Friday, November 11, 2011

Tulsa Veterans Day Parade 4th Largest in Nation: The Home of the Free Because of the Brave

Maggie's Notebook

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Last year I was not so shocked to learn that the Tulsa, Oklahoma Veterans Day Parade was the 5th largest in the country. This year, the commander of the Veterans of Foreign Wars Post 577 says the Tulsa Parade has moved up to No. 4. We ranked No. 46 in city size in 2010, but we have the fourth largest Veterans Day Parade. Amazing. Tulsa is a very patriot city and we love and admire our Veterans. On this day in 1918, World War I ended on the 11th day of the 11th month at the 11 hour. On this day in 1921, The Tomb of the Unknowns was dedicated at Arlington Cemetery. On this day in 1996, the Vietnam Veterans Memorial Fund launched “The Wall that Heals.” Veterans Day honors all U.S. Military veterans who have served, and are serving, our country.
Ray Amstutz - Tulsa's 2010 Veteran's Day Parade
The photo of Mr. Amstutz is from Tulsa’s 2010 parade. As he walke the parade route at the age of 86, he was wearing the same boots he wore during his service in WWII in New Guinea and Japan. I don’t know his military rank and do not know if he is marching today, but I’ll update if I locate more information.
On this day of honoring, remembering, and memorializing our veterans, it is good to remember that our military consists of many religious and non-religious beliefs – but always, our wars have been about liberation, never about occupation, never about confiscation. On this day, I remember my father, who served in WWII and two brothers who served in the U.S. Air Force and I am praying God’s blessing on all who have served and are serving.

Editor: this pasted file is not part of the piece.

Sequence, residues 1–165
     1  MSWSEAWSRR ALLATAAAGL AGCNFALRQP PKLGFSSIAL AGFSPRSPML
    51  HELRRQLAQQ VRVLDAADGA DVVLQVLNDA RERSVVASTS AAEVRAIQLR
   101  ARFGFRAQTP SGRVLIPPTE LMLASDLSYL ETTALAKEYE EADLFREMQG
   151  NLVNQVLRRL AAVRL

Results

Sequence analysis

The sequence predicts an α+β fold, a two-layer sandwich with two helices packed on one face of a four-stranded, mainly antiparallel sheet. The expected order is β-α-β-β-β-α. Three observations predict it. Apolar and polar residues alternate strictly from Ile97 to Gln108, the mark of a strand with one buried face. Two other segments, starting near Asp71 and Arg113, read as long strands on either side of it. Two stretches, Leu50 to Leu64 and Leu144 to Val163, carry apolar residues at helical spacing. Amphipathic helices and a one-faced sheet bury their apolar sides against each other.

This year’s parade Commander is Wang Meng Vang. For the first time, the parade will include Vietnamese military who served with American forces in the Vietnamese war.
Please note, if a photo of the parade participants listed below are not shown, it is only because I could not find one.
In today’s parade, which is our 93rd, our honorees are:
Commander of the parade Wang Meng Vang, who enlisted in 1961 as a private in the Vietnamese Army and eventually was promoted to major. He now lives in Colcord, Okla.
Grand Marshals Gerald Holland, 92 and a World War II veteran who enlisted a month after the bombing of Pearl Harbor, and Rebecca Willemstein, 21, who recently returned from a deployment to Afghanistan with the Air Force.
Grand Marshall Gerold Holland, Tulsa Veterans Day Parade 2011 - WWII
Grand Marshall Rebecca Willemstein, Airman First Class, Afghanistan - Tulsa Veterans Day Parade 2011
Parade Chiefs of Staff Sgt. 1st Class Logan Boatfield and Sgt. Michael Mahaffey.
Sfc. Logan Boatfield - Tulsa Veterans Day Parade Parade Chief 2011
Twin brothers Dustin “Dusty” Akehurst and William “Donnie” Akehurst, 24, will serve as parade adjutants. They are both serving in the Oklahoma National Guard in Afghanistan and served in Iraq in 2007 and 2008.
Commander of the parade Wang Meng Vang, who enlisted in 1961 as a private in the Vietnamese Army and eventually was promoted to major. He now lives in Colcord, Okla.
Grand Marshals Gerald Holland, 92 and a World War II veteran who enlisted a month after the bombing of Pearl Harbor, and Rebecca Willemstein, 21, who recently returned from a deployment to Afghanistan with the Air Force.
Parade Chiefs of Staff Sgt. 1st Class Logan Boatfield and Sgt. Michael Mahaffey.
Twin brothers Dustin “Dusty” Akehurst and William “Donnie” Akehurst, 24, will serve as parade adjutants. They are both serving in the Oklahoma National Guard in Afghanistan and served in Iraq in 2007 and 2008.